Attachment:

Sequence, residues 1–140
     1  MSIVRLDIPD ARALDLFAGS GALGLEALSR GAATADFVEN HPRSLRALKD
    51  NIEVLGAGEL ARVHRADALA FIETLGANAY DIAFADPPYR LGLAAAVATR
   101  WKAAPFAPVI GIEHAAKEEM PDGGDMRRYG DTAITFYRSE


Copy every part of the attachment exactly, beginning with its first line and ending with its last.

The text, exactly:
Sequence, residues 1–140
     1  MSIVRLDIPD ARALDLFAGS GALGLEALSR GAATADFVEN HPRSLRALKD
    51  NIEVLGAGEL ARVHRADALA FIETLGANAY DIAFADPPYR LGLAAAVATR
   101  WKAAPFAPVI GIEHAAKEEM PDGGDMRRYG DTAITFYRSE